A small helicopter landed on the West Lawn of the U.S. Capitol on Wednesday afternoon, leading authorities to detain one person in connection with the incident.
A spokesperson for the U.S. Capitol Police said in a statement that a gyrocopter with a single occupant landed on the lawn. Streets in the immediate area were closed, according to the statement.
Doug Hughes, a 61-year-old mailman from Central Florida, took responsibility for the flight on his website, thedemocracyclub.org. Hughes wrote about a "freedom flight" to Washington, D.C., where he planned to deliver letters to each member of Congress.
"My flight is not a secret," he wrote. "Before I took off, I sent an Email to firstname.lastname@example.org. The letter is intended to persuade the guardians of the Capitol that I am not a threat and that shooting me down will be a bigger headache than letting me deliver these letters to Congress."
Capitol Police did not immediately respond to a request to confirm whether Hughes was the person detained after the incident.
Hughes went to some lengths to publicize his plan. Before the incident, he told the Tampa Bay Times that he planned to fly a gyrocopter to the Capitol to protest against corruption and in favor of campaign finance reform. In particular, he opposes the 2010 Supreme Court decision Citizens United v. Federal Election Commission, which struck down limits on political campaign donations.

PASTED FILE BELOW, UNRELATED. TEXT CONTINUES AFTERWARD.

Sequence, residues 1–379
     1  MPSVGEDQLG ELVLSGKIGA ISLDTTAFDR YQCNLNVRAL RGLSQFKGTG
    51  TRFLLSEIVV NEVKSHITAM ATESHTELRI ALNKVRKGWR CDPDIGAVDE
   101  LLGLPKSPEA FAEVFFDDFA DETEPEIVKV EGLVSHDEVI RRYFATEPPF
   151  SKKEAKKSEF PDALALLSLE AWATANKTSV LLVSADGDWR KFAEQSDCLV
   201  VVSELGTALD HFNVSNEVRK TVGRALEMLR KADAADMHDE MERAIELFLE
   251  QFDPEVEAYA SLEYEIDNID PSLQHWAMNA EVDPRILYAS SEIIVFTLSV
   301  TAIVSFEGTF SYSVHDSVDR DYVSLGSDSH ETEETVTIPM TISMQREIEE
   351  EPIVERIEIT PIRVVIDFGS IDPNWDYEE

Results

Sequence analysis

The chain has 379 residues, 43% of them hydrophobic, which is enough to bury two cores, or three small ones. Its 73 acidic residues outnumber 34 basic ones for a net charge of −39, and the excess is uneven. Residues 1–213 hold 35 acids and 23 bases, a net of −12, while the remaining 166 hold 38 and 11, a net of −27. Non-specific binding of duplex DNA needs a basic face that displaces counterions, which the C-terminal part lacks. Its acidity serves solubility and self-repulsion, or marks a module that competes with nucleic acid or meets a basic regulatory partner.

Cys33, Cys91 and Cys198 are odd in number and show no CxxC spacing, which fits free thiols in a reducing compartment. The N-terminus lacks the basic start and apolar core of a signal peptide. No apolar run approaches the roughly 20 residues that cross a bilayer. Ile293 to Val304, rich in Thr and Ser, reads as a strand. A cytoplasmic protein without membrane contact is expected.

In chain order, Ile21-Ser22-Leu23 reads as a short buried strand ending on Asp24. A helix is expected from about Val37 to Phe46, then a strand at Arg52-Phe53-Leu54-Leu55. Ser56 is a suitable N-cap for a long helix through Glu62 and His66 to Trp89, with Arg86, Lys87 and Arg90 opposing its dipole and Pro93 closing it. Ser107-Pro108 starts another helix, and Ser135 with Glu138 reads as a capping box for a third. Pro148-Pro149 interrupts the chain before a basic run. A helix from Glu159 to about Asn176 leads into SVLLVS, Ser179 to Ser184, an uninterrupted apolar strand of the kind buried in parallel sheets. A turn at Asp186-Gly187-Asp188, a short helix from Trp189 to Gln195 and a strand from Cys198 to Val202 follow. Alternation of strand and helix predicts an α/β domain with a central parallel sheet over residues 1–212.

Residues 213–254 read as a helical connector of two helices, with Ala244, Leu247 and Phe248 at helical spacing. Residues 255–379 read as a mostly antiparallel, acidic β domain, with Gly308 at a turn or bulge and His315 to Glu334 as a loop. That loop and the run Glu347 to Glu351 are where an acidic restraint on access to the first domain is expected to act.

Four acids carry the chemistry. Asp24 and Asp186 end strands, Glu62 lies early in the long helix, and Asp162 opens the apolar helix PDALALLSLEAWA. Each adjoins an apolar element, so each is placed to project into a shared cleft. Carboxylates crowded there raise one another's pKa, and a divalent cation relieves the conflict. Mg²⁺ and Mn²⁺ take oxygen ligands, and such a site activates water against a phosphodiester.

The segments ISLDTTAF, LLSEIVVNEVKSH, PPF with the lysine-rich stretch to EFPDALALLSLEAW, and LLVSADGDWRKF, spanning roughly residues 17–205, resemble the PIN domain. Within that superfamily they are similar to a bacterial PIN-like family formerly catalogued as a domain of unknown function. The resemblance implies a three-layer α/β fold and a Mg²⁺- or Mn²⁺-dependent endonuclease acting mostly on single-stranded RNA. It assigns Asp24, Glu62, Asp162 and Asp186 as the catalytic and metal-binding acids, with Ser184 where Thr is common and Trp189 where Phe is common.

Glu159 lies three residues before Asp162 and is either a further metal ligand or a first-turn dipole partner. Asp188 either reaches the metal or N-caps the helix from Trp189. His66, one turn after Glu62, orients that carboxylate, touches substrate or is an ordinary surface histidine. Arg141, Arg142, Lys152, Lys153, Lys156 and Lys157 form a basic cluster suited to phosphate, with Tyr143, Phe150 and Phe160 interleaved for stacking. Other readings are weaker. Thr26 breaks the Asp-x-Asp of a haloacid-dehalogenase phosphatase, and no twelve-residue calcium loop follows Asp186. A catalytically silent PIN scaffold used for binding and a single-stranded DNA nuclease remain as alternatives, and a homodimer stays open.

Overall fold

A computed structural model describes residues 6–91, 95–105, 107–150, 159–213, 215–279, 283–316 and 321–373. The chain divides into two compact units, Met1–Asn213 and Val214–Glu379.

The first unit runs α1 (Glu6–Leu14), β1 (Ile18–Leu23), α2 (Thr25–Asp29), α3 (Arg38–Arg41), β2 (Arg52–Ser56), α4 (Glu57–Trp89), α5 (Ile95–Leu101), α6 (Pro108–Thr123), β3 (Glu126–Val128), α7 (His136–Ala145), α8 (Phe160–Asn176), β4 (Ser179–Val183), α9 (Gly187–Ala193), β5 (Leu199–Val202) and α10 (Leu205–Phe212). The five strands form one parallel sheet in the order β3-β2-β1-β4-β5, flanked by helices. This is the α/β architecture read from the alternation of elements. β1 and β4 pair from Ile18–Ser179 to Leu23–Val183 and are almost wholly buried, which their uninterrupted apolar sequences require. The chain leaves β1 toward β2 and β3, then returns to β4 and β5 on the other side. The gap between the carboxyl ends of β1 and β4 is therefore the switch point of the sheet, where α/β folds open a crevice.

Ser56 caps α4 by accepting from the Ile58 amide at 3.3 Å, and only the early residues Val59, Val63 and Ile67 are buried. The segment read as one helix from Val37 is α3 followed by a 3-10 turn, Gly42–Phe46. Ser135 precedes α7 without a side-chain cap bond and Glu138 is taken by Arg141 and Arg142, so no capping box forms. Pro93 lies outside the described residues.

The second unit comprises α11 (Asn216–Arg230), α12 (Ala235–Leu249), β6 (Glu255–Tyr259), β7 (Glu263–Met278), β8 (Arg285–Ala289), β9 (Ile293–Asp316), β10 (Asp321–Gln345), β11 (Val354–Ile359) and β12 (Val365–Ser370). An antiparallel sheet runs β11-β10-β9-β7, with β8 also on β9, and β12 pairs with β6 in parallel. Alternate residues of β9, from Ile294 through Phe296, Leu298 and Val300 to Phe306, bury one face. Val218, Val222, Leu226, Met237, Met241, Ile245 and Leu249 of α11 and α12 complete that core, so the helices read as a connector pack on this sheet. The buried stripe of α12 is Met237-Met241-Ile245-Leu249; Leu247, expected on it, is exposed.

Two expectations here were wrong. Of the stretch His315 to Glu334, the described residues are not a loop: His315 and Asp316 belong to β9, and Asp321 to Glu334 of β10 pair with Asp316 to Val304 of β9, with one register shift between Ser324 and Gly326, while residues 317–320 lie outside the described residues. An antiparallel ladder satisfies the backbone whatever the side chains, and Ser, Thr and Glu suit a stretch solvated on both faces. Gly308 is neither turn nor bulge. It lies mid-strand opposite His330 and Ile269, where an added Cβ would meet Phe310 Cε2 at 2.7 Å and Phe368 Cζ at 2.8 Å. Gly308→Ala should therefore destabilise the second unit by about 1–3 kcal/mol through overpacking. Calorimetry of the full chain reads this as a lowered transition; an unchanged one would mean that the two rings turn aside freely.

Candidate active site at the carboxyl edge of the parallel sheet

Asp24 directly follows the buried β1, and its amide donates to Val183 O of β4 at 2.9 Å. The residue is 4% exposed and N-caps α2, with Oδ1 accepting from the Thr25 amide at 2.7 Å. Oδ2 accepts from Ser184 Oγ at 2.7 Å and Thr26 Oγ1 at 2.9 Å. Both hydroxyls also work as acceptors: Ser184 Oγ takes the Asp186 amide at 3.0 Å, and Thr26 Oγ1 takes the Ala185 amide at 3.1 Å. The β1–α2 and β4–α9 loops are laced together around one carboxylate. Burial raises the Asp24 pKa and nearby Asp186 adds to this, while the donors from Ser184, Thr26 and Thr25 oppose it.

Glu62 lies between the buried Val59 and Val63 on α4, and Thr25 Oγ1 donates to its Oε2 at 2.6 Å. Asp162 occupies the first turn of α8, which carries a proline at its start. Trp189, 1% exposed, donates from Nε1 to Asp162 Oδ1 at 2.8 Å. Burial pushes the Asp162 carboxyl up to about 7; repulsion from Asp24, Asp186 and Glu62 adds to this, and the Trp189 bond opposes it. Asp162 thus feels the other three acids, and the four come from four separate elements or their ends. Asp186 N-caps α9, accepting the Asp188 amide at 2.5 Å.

He wasn't planning to fly all the way from Florida, according to the Times. First, he intended to drive to an undisclosed location in the D.C. area.
Here's what the Times published earlier on Wednesday:
If you're reading this, Doug Hughes, a 61-year-old mailman from Ruskin, has taken flight. His stated intent: to buzz through the air at 45 miles per hour at about 300 feet up in an ultralight gyrocopter toward Washington, D.C., toward protected airspace, where, if his plan works, he'll land on the lawn of the United States Capitol building and deliver the mail.
Of course, Doug Hughes might be shot out of the sky. He knows this. He has thought about it day and night for more than two years, wrestling with the tiniest details of his insane plan.
"No sane person," he said, "would do what I'm doing."
The Tampa Bay Times said it reached out to the Secret Service in Washington and that public information officers were not aware of the protest. The agency did not immediately respond to a request for comment from Fusion.
Photos from the scene show a copter decorated with a U.S. Postal Service logo.
Ted Hesson was formerly the immigration editor at Fusion, covering the issue from Washington, D.C. He also writes about drug laws and (occasionally) baseball. On the side: guitars, urban biking, and fiction.